A Tribute: Giving Thanks to Student Veteran Advocates

Nov. 7, 2013

After serving as a combat medic in the U.S. Army for five years, Tucson native Matthew Randle decided to pursue a higher education degree.

After choosing the UA, he helped develop and expand programs for student veterans that resulted in the UA gaining notoriety across the U.S. Along the way, Randle said he found that the UA was, and still is, full of individuals willing and ready to help student veterans to be successful in all facets of life.

As a show of thanks, Randle shares a tribute:

So many faculty and staff at the University of Arizona have been advocates of student veterans and are working to change the path of the thousands of student veterans to follow.

What will always resonate with me from my journey at the University is knowing that myself and others had a real hesitation about the reception we would receive after ending our military careers and entering higher education. But we have been so resoundingly welcomed and appreciated, and that is what makes the UA a leader across the nation in its support and education of student veterans.

When other schools are copying our model and calling on us for guidance, you realize that doesn't happen by chance. And when people think about our service, it is of utmost importance to recognize the work that others do to help us.

When I think about the backbone of veteran education and support at the UA, I think about Maralynn Bernstein in the Office of the Registrar, our registrar representative. We call her "Momma Bear" because she cares. Bernstein takes the time to ensure things are done accurately and adds a caring face and soul to a process rife with red tape and speed bumps.

The V.E.T.S. Initiative director Cody Nicoholls, who is a vet himself, has gone above and beyond at every juncture to address all the issues we face. The growth of the program and support on campus has been nurtured by his guidance and wisdom. He is the calm in the storm for many of us.

I will always be deeply grateful to the work of Phil Callahan, an associate professor in the College of Agriculture and Life Sciences, who developed with Michael Marks specific courses for student veterans entering college. These two men refused to allow failure to be an option and swam against the current. The "docs" showed us we were capable and prepared for all the challenges we faced. They made us believe in ourselves.

UA Police Chief Anthony Daykin won't tell you this but, on a regular basis, he would call Papa Johns and have four or five pizzas delivered to the VETS office signed "anonymous." He is a veteran himself and has provided mentorship and guidance to many of us on our journeys.

When I was involved with the Student Veterans of America UA chapter we didn't know how to apply for money to go to conferences. Judy Harrison at the Arizona Student Unions sat us down and walked us through the process. It wasn't necessarily part of her duty but, as a result, we had a chance to send people to conferences, even at Google. That came about because she, like other people, made the effort to take the time and help.

There were former UA presidents Robert Shelton and Eugene Sander, also a veteran; I also think about vice president for Student Affairs Melissa Vito who has always been a huge supporter of student veterans. When the support comes from the top, mountains can move.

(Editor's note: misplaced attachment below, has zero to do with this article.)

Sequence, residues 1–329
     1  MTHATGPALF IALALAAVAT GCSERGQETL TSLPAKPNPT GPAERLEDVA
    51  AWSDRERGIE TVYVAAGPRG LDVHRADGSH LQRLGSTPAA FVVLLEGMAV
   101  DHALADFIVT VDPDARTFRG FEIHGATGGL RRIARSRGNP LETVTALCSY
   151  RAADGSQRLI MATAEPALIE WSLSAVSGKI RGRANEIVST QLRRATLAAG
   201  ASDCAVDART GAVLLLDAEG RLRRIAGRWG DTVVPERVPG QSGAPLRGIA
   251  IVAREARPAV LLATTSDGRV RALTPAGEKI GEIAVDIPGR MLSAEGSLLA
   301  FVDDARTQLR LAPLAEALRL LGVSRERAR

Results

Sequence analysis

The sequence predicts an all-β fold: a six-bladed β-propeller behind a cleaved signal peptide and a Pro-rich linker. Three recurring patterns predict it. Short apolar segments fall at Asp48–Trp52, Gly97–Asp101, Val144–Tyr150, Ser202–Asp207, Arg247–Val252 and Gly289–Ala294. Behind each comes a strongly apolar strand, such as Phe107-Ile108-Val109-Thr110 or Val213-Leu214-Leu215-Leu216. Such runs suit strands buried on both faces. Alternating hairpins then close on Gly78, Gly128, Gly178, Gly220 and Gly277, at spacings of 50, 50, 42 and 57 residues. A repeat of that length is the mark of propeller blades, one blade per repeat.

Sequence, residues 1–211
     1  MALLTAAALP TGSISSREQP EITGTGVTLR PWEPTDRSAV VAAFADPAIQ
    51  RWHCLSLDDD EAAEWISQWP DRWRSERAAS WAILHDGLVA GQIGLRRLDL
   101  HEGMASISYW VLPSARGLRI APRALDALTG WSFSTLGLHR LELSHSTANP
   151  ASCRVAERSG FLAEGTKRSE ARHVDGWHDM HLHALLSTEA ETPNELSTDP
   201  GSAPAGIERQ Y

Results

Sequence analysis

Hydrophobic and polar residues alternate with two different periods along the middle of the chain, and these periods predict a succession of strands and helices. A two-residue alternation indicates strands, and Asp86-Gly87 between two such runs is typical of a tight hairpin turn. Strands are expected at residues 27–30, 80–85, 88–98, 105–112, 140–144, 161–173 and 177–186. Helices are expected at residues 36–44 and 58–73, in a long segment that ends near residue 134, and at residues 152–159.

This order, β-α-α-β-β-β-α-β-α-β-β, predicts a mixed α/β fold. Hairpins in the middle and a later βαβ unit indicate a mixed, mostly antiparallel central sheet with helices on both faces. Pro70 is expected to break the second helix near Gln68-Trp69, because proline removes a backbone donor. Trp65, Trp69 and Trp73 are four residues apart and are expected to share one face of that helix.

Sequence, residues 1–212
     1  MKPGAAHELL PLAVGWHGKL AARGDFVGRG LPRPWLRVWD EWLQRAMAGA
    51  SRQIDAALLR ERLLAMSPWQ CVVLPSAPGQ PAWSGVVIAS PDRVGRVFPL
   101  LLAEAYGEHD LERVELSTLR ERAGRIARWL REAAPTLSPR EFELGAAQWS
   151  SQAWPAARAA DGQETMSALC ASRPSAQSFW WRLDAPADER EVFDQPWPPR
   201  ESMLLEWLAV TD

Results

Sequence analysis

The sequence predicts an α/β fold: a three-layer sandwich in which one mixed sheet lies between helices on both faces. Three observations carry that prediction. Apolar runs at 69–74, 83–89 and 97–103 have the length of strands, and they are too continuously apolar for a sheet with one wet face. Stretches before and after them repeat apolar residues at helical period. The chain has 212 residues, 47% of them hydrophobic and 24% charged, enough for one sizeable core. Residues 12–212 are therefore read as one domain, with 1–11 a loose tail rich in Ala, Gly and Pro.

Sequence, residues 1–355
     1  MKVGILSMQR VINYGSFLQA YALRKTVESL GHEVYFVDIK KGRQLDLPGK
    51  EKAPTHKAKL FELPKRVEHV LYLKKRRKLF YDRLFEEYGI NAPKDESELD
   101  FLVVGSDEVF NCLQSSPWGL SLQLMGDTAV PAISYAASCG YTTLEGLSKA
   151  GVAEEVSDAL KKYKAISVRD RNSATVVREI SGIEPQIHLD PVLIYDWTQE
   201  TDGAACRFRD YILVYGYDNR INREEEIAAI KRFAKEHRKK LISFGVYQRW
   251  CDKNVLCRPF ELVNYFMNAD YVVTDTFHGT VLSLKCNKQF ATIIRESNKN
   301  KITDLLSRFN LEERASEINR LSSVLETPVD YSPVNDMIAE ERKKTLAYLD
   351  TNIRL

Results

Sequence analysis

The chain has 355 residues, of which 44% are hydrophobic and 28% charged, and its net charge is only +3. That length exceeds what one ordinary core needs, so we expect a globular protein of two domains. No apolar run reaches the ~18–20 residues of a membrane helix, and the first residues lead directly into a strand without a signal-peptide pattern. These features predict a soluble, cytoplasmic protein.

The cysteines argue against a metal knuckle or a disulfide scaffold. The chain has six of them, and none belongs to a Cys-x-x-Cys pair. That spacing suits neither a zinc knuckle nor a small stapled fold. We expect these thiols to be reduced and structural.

At the Disability Resource Center, I appreciate Sue Kroeger and Amanda Kraus showing us that access was possible; also, Janet Olson of the UA Healing Touch Initiative would provide healing touch massage and therapy to student veterans.

At the James E. Rogers College of Law, the support of faculty members Paul Bennett and Kenny Hegland is what made the vet court and vet clinic a reality.

Not only did they selflessly give of themselves and their time but they encouraged and mentored us to believe we could succeed.

Also, Mandy Shoemaker, the registrar at the law school, is caring and personable, always taking the time to answer questions about the most stressful of things. Willie Jordan-Curtis, assistant dean of Student Affairs at the law school who is also a veteran, has been a rock for those of us who needed support and is always willing to help make difficult tasks clear and achievable. And College of Law dean Marc L. Miller has become a champion of all issues surrounding veterans advocacy and education at the law school.

Education is the key to success, and independence and self-worth. And so many people have gone out of their way to help us.

That's the great part – for student veterans, our individual experiences at the university are unique, in that we have interacted in many different people and departments. But what is not unique is that those people have been friendly and helpful in making sure we achieve our dreams.

-Matthew Randle, a third-year student in the UA James E. Rogers College of Law, has helped usher in important programs and services for student veterans at the UA, helping the institution become a national model for supporting military veterans returning from service and entering higher education. In 2011, Randle graduated from the UA College of Agriculture and Life Sciences with a Bachelor of Science in family studies and human development. He first served as the Veterans' Education and Transition Services Office student director and is past president of the UA chapter of the Student Veterans of America. Randle plans to graduate with his Juris Doctorate from the UA in May 2014. (Photo credit: Patrick McArdle/UANews)